The #voylerwoodfam was supposed to go on a Big Vacation this year. It would’ve been my four-year old’s niece first trip to The Happiest Place on Earth, but they’re requiring masks to be worn in the park and seeing the characters aren’t the typical meet-and-greets. Thankfully the tickets are good for 1 1/2 to 2 years, and I’m thankful Azzie won’t experience her first time at Disneyland while wearing a mask. It’s not even how I picture a vacation. Fingers crossed in a year or so from now we can at least go mask-less.
It is a weird thing to go out in public and see most people wearing masks, like we’re in some kind of dystopian society that I’ve only read about.
I’m apart of Kendra Adachi’s launch team for her book The Lazy Genius Way: Embrace What Matters, Ditch What Doesn’t, and Get Stuff Done. It’s an incredible book. If you’re not following Kendra on Instagram, you’re missing out on real-people gold. Or even better, her newsletter (if you prefer to that to social media). She makes cooking fun with catchy words like, “sizzle” and “cozy” and “jzoojz” and phrases like this: “If It makes you groan in happiness, you’re good.”
So when she announced her launch team, it was a no-brainer to join.
The Lazy Genius Way (or, LGW) is broken up into 13 Lazy Genius Principles and at the end of each chapter is a recap and a small, actionable step to put the principle into play into the reader’s life.
In the Chapter 1, “How to Think Like a Lazy Genius”, Kendra talks about perfection and order and chaos. Great opening to the book.
Her first small step floored me:
“Smile at the pretty stranger at Target without judging her or yourself. We both know you’re going to Target today, so you’ll get your shot.”– The Lazy Genius Way by Kendra Adachi
I’m pretty sure my jaw dropped. I stared at the page for a few seconds and then made a note. (I love reading books on my Kindle for this reason!). It’s a beautiful way to love strangers–especially when 99.87468% of women all feel the same way about Target, an amazing abyss to kill time in haha
I do not believe it was a mistake that this book is launching at a time like this.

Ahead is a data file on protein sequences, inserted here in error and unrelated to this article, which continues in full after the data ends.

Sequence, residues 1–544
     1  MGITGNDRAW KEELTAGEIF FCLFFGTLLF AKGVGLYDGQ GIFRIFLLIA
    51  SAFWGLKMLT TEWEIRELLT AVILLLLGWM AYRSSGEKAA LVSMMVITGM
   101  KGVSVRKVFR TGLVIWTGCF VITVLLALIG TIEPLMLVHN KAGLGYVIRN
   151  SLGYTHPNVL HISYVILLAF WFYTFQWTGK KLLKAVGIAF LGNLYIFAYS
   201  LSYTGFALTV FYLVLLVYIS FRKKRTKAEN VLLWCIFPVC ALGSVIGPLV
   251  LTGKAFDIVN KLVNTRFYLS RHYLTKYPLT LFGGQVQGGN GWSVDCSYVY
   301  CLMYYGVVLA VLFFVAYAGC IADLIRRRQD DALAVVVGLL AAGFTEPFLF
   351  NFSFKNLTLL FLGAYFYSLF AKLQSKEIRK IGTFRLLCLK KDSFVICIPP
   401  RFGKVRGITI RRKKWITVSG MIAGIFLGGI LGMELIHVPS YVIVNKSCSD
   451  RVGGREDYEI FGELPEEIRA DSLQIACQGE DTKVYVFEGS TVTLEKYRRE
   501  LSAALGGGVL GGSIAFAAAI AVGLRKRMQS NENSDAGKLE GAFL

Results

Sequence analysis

And so, I give you Day 8’s haiku:;
And so reader, how can we show love to our fellow humans while wearing masks? How are you still loving the people in the community while our society deems masks necessary?
The book, recipes, and author mentioned in this post:
- Kendra and The Lazy Genius Way.
- Change-Your-Life-Chicken (CYLC) recipe and links to to all the the CYLC-related deets: podcast episode, Instagram highlight, etc.
- It seriously changed our life. Ant doesn’t even like chicken thighs–the crispy skin, man, make this dish–and he LOVES this. Also, toaster oven tip: Our toaster oven doesn’t go up to 500 degrees, but it turns out great at 450 degrees for an hour.
- The used of the word “jzoojz” is used in the CYLC chicken highlight on Instagram
- Kendra’s pizza sauce that makes us all groan in happiness is here.
- Her book comes out on TUESDAY! And there is still time to pre-order it if you want the bonuses.
As always, follow along with the poetry project at the #30DayHaikuProject.
Writing Process Notes:
// Writing the poem: 1 hour. dining room table. “Liked Songs” Spotify playlist. looked up a syllable article, convos with Ant. first load of laundry (a small one, the hang dry items) in the middle of this poem-writing session. Words: 168.
// Took a break from poem-writing and played Dice Forge with Ant. It was a low-scoring game, but fun as always 🙂
// Writing this blog post: =12ish-1:44pm. Dining Room table again. still “liked songs” Spotify playlist. Word Count: 1,191.
// break for laundry, lunch, #TalksMachina (about episode 82 in the first campaign).
// 3:37pm-5:13pm. back at the dining room table for read-thru, add links and photos, and tags. and post to social media. still listening through “liked songs” Spotify playlist. TOTAL TOTAL word count: 1,354. TOTAL TIME: 1.75 again.